Thank you, Mr. Vomitron, for your help in obtaining this purely gold gem.

Reviewed by Woodyanders 8 / 10

A nest of vipers get their just nasty desserts

Ailing miserly matriarch Delilah Charles (a deliciously wicked and formidable portrayal by Agnes Moorehead) lives on a large plantation estate. Her various greedy and back-stabbing siblings gather together to collect Delilah's sizeable inheritance only to get bumped off left and right by a mysterious axe-wielding killer.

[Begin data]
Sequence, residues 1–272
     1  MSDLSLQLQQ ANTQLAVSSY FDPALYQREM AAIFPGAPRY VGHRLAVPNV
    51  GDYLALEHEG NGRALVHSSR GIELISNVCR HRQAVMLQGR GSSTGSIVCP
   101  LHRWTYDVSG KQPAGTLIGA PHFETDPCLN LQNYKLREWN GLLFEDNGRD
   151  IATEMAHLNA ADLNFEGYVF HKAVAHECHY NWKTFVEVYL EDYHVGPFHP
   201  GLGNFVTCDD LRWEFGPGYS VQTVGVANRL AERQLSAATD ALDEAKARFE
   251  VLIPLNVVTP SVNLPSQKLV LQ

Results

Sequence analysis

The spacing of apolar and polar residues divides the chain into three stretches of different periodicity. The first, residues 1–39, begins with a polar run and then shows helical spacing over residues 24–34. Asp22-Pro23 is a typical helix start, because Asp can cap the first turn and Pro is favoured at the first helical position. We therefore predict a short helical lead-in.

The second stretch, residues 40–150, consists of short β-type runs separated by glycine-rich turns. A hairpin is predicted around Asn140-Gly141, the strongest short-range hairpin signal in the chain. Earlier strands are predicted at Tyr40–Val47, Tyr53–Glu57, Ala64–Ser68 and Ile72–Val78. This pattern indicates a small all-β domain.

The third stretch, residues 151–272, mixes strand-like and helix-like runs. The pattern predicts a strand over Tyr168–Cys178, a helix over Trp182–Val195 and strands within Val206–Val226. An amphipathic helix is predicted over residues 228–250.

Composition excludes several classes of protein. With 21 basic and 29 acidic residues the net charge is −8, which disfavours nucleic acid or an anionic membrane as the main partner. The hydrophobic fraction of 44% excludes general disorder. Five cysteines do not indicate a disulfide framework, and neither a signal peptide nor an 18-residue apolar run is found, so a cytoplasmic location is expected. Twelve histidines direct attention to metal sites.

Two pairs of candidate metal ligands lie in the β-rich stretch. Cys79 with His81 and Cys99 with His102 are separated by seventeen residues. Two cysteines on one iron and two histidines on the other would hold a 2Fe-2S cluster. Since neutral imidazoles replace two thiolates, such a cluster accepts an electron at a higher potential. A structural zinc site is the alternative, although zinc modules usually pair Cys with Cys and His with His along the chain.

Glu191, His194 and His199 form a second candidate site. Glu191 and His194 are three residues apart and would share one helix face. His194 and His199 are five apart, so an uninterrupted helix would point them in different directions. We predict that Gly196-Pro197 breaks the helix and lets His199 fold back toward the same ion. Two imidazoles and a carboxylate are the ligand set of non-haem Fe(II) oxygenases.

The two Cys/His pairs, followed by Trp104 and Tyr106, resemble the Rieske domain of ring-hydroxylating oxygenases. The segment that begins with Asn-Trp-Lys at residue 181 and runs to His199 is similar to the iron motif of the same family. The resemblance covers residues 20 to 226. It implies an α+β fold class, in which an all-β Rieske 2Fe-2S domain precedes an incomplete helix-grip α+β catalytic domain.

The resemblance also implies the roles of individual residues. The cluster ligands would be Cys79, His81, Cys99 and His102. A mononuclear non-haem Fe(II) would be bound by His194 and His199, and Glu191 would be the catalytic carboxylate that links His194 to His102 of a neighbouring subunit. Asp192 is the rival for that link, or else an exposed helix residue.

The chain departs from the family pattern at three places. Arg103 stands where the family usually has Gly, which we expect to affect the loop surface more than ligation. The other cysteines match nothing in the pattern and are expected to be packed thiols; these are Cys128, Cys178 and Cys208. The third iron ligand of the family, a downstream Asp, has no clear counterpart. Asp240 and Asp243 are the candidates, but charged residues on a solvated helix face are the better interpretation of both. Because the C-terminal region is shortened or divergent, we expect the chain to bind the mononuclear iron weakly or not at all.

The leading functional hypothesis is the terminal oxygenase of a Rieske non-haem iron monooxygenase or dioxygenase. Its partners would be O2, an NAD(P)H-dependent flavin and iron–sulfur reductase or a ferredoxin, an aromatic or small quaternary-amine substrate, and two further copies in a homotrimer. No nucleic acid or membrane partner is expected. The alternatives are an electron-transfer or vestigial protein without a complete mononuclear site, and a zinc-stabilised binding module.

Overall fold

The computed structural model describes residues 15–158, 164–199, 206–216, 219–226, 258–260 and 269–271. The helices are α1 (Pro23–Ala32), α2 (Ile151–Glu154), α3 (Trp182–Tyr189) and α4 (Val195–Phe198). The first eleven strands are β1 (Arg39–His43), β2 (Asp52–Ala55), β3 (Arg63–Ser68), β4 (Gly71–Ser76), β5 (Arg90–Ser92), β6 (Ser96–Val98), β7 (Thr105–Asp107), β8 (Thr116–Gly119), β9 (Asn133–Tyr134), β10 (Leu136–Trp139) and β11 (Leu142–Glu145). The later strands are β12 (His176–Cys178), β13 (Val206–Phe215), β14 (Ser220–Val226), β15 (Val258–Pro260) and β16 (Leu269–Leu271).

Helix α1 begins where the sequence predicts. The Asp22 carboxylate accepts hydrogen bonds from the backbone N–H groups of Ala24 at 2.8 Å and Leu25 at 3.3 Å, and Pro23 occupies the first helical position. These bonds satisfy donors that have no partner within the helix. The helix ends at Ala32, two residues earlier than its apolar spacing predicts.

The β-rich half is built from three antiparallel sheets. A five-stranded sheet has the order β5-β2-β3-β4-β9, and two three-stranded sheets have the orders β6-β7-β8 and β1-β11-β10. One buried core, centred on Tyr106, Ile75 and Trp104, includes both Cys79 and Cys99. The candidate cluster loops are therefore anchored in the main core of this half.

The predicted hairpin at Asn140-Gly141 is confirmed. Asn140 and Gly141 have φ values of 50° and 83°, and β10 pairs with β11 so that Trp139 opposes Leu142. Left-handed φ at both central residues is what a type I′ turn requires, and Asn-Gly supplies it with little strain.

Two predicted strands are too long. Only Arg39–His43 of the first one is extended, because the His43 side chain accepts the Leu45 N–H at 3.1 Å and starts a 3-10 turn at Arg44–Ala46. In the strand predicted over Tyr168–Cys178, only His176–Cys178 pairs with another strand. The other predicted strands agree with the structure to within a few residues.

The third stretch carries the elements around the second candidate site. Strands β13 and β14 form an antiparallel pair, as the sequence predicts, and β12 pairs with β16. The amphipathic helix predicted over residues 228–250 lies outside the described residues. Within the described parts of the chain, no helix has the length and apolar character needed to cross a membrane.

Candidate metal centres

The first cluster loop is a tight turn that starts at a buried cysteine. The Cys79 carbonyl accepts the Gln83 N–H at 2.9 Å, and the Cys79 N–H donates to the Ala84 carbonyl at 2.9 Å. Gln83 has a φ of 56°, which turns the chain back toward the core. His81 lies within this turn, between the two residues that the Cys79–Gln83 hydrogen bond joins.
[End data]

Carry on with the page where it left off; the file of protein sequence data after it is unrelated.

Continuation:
Writer/director John Farris relates the absorbing and enjoyable story at a steady pace, adroitly crafts a brooding gloom-doom Southern gothic atmosphere, and presents a colorful array of seriously damaged and dysfunctional characters. Moreover, it's acted with aplomb by an able and enthusiastic cast: Will Geer as rascally lawyer Ray Jurroe, Michael Ansara as the slimy Morgan, Dennis Patrick as pathetic junkie Dr. Alonzo Charles, Anne Meacham as shrill alcoholic Grace, Robert Gentry as jerky hunk Richard, Patricia Carmichael as troubled housekeeper Luddy, Elizabeth Eis as fetching nurse Ellen, and Ruth Baker as the ditsy Buffy. The startling moments of graphic gore pack a vicious punch. A solid and satisfying little shocker.